Fig. 1 shows the arrangement of a perpetual calendar dial. At the top is the month hand: on the right is the date hand; on the Left is the day-of-the-week hand. Inside the seconds dial is the moon disc, showing by observation or by the numbers the age of the moon. Fig. 2 shows the mechanism underneath the dial. D is the moon disc. It has two moons, and around its edge are fifty-eight teeth, going round once in two lunar months. It rides loose upon a central pipe, and is driven, one tooth each day. by a pin in the wheel E1, driven in its turn by the wheel F. F is on the hour wheel of the watch, and goes round once in twelve hours; it has forty teeth. It drives the wheels E1 and E2. having eighty teeth each, and going round once in twenty-four hours. The wheels E1 and E2, by means of pins projecting from them, as shown, drive the day-of-the-week wheel B and the date wheel C one tooth each day. B has seven and C bas thirty-one teeth. The day-of-the-week hand is fastened to the axis of B, and the date hand to the axis of C. A is the month wheel; it has forty-eight teeth, and goes round once in four years. It is driven by the inter-mediate wheel G, driven in its turn by the date wheel C. Upon A is mounted a steel disc having notches of varying depth in its circumference.
Thus, the space representing the month of January is high: February is a deep slot, as it is three days short; March, again, is high:
April is a shallow notch, being one day short; and so on. It will he noticed that three Februaries are deep notches (three days short, or twenty-eight days), and one February is not so deep, being two days short, or twenty-nine days in leap year. The lever H, a finger on which enters these notches, regulates the number of days shown for each month by operating on a projecting pin on the date wheel C. The position of the lever H with regard to the wheel C varies according to whether its finger piece rests in a deep or a shallow notch of A. Thus, when resting on ahigh space, or a thirty-one-day month, the cam shown on C passes the lever without disturbing it at the end of the month. But when the lever II is resting in a notch, it projects farther over C, and the cam comes in contact with it one, two, or three days, as the case may be, before the end of the month. The pressure on the cam causes the pin in C to rise and come in the path of the lever H, as the latter is drawn back each day by the impulse pin in El acting on the arm I. Each day when the arm I is released.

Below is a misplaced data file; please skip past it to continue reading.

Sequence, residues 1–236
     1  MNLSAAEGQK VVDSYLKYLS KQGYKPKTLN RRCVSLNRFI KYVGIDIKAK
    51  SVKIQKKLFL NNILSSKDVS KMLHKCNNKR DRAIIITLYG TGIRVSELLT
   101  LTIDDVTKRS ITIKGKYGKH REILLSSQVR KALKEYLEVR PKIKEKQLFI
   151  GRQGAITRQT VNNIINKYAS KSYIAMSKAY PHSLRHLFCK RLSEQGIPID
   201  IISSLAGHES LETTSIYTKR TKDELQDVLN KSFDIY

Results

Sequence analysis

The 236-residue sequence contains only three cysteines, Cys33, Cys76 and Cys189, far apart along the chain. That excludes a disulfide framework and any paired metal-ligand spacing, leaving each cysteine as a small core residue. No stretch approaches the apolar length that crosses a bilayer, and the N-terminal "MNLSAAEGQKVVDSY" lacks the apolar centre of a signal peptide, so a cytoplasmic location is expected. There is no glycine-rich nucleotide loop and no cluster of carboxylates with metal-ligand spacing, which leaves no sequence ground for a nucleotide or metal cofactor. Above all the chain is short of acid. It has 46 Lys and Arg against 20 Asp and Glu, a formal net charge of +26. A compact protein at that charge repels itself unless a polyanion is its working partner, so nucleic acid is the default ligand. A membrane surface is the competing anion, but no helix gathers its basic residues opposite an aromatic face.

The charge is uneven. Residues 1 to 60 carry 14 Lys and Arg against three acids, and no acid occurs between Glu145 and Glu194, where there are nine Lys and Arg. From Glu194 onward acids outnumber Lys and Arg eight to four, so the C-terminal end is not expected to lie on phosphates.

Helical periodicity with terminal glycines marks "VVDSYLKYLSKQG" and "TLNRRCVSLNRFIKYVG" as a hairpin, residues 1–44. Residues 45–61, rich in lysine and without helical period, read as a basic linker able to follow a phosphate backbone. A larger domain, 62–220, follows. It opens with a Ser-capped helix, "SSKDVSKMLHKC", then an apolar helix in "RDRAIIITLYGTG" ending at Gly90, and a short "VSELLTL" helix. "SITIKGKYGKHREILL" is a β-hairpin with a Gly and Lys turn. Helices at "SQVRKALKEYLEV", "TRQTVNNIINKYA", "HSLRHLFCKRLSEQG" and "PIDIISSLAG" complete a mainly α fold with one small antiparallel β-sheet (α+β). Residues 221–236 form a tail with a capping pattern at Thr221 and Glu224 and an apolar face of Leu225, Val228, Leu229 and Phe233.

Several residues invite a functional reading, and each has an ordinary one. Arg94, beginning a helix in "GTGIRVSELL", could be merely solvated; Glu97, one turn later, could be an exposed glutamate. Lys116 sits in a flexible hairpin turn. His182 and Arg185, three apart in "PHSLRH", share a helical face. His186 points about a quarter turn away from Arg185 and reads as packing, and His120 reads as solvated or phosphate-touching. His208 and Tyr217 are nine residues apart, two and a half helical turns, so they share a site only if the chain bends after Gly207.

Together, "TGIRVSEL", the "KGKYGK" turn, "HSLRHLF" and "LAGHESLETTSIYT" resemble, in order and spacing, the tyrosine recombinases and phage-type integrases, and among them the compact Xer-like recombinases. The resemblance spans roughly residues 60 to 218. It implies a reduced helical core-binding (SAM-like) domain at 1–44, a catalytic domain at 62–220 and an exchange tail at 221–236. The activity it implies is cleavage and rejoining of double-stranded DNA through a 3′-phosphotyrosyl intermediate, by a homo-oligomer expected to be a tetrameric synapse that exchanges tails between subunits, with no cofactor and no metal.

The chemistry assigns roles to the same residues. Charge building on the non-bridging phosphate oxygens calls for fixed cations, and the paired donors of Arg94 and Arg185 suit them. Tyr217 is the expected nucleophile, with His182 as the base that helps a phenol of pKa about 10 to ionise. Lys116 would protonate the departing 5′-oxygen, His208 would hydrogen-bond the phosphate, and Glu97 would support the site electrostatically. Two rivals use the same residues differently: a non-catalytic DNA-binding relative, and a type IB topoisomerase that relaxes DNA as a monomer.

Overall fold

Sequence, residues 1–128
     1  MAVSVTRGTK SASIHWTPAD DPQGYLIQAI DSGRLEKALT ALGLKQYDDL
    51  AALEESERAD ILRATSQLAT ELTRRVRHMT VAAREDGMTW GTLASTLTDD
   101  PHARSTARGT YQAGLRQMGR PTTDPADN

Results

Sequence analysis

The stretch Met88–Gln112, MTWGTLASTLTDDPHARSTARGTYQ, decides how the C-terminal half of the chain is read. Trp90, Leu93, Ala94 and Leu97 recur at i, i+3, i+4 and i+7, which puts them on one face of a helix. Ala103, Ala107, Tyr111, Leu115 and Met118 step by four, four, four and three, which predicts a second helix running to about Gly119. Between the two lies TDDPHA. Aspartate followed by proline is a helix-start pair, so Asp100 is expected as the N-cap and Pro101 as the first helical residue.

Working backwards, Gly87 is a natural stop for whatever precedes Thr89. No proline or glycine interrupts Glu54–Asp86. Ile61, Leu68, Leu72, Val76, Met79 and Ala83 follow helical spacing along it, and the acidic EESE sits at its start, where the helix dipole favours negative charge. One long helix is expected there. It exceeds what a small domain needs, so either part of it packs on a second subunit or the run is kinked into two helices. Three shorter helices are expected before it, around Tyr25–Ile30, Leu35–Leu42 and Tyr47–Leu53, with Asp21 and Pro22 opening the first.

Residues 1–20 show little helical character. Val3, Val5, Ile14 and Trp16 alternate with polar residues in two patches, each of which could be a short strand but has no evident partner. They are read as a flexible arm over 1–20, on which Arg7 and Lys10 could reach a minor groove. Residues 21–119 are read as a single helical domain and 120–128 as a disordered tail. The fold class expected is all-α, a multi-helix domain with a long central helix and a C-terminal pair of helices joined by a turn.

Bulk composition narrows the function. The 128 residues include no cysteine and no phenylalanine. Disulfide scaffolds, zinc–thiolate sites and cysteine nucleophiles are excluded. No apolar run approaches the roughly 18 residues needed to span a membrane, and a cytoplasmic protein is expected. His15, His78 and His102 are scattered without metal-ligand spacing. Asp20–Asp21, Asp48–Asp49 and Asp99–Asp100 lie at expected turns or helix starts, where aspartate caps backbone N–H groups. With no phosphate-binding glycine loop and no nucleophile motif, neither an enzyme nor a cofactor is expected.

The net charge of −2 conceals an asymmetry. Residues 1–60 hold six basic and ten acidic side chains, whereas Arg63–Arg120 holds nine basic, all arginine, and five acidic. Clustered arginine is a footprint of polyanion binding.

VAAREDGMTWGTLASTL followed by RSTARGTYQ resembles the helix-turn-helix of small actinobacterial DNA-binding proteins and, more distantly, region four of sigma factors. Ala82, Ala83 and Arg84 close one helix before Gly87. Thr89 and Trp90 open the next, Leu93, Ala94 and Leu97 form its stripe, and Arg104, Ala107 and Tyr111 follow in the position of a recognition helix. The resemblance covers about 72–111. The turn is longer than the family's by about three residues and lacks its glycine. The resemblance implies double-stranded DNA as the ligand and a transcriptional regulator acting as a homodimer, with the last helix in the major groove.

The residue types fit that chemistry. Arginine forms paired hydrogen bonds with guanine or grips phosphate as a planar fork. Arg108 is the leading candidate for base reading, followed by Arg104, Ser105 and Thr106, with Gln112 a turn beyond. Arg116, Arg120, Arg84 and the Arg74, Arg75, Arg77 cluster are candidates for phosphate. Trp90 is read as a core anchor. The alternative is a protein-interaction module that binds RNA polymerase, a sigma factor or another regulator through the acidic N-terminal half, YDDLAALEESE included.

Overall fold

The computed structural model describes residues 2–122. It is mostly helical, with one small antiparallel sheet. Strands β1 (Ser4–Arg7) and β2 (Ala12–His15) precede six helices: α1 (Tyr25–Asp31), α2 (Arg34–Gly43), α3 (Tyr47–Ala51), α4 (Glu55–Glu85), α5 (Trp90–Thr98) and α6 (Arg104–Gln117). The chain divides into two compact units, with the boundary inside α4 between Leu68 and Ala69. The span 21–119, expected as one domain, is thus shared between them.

II springs forward again and ordinarily does nothing, as there is no projecting pin on C; but after the cam on C has come in contact with H, the impulse pin C is caused to rise, and the lever H coming forward forces C round for several teeth. The wheel C is a delicate piece of work. There is a connection between the cam upon it and the impulse pin upon which the lever H acts. The connection is underneath the wheel, and consists of a spring lever. The effect is that, as soon as the cam presses against the end of H, the impulse pin rises from the level of the wheel and stands up in the path of II. It remains in this position until about the middle of the month, when it comes into contact with a fixed stud under C, and is restored to its normal position level with the surface. The lever II is kept up to A, and caused to return, when drawn back each day, by a steel spring, as shown. The month wheel A,day-ot'-tlie-week wheel 15, date wheel 0, and moon disc D are all held in position by spring flirts resting between their teeth, and causing them to jump one tooth accurately each time they are moved. This is but one of many forms of perpetual calendar movements.
All are complicated and difficult to make, and even when properly made frequently give trouble.
Fig. 2. Mechanism of Perpetual Calendar Watch.